“They cited him as a hero to justify collateral damage,” she said. “You know, from the kind of deed he did, that’s the last thing my brother would have wanted. By mistake or not, the lives of other innocent people have been taken. I didn’t want others to die in his name, and I thought if I could come and get the attention of the American people, I could help.”
The trip was put together in less than two weeks, and on Jan. 12, the pilgrims left for London. After stops in the United Arab Emirates and Islamabad, they arrived in Afghanistan on Jan. 15.
As their vans swerved to avoid bomb craters on the hourlong ride from the Bagram military airport south to Kabul, the evidence of Afghanistan’s 23-year trajectory of tragedy was overpowering. There were tank skeletons, minefields and, every few miles, checkpoints manned by soldiers of unknown allegiance with Kalashnikov assault rifles mounted on makeshift tripods.
The twisted wreckage of a mosque reminded Lasar of the remains of the World Trade Center.
After the Soviet Union’s decade-long occupation of Afghanistan ended in 1989, warring internal factions destroyed whole sections of Kabul: Roofs are gone and only adobe walls remain, if that. Women carrying children and still shrouded in blue burkas, some in high heels, beg money from foreigners. Giant, crudely fashioned scales weigh firewood; goats and donkey carts share the streets with Toyotas.
Natural beauty and human resilience
The beauty of the place astounds: Barren mountains are set against a backdrop of soaring white-capped peaks. Colorful turbans, caps and shawls reflect a plethora of ethnic groups. A child flies a kite — among the first things banned when the Taliban took power — while another blows a foreigner a kiss.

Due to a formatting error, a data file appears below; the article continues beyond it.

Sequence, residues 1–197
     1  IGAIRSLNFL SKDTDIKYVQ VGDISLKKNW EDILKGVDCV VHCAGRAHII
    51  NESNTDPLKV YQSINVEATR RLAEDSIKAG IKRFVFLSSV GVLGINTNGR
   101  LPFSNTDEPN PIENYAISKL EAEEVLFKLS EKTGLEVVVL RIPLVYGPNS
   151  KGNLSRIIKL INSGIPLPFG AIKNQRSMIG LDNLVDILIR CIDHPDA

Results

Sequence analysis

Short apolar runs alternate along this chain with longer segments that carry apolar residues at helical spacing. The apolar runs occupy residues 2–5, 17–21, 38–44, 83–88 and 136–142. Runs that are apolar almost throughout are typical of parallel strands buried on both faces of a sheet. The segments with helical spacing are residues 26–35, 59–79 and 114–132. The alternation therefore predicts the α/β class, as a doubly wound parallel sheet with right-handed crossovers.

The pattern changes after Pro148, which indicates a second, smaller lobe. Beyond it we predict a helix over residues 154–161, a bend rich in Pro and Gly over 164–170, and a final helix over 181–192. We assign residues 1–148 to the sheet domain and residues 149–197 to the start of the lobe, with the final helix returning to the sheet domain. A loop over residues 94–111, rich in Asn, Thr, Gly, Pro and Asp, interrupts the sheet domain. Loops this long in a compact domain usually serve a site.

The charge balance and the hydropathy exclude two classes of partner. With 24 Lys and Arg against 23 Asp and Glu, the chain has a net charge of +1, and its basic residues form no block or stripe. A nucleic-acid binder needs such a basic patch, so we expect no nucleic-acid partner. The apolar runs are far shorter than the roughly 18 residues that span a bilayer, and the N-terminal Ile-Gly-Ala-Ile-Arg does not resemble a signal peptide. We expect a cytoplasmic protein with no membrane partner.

“The faces are yearning,” said Bodley. “At other times, the human spirit finds a way to laugh and smile. Human beings are pretty resilient.”
Bodley and the other visitors’ exhausting schedule over the next four days was packed with tragedy and pain: meetings with land mine victims, children injured by U.S. cluster bombs, children abandoned when their mothers remarried and deposited them at orphanages.
On the sixth floor of a concrete building with no heat and no lights in the stairwell, Bodley cried with Abdul Basir, who lost his 5-year-old daughter, Nazilla, to an errant U.S. bomb. It fell near their apartment building late one fall morning, collapsing a concrete vestibule that crushed her.
The two men showed each other photos of their daughters and shared their memories.
“This has been going on for 30 years,” Basir said. “The two weeks of bombing upset my daughter so much. She had headaches. She had toothaches.”
Said Bodley: “My body grieved for 2 1/2 months. The body can fix itself, but you never forget the grief.”
“Everybody loved her,” Basir said of Nazilla. “We’re in the same boat.”
Added his wife, Shakila, weeping: “I wish the U.S. government would bring peace here. Our wartime government is in a bad way. Our children are in a bad way. There are no proper playgrounds or schools. Whatever help you could give, we’d be grateful.”
A few women in burkas waited outside, thinking that the commotion came from a relief group handing out money. They were there for their share.
No one can say how many Afghan civilians have been killed or injured by U.S. bombs. Some aid groups estimate at least 500; other researchers put the toll in the thousands. But no one in Kabul seems angry at the United States. They were grateful for help in getting rid of the Taliban.
“We know [my daughter’s death> was an accident here,” Basir said. “The attack on the U.S. was deliberate.”
He confided to Bodley that, somehow, he still thinks his daughter is alive.
“Me too,” Bodley said of his. “She talks to me.”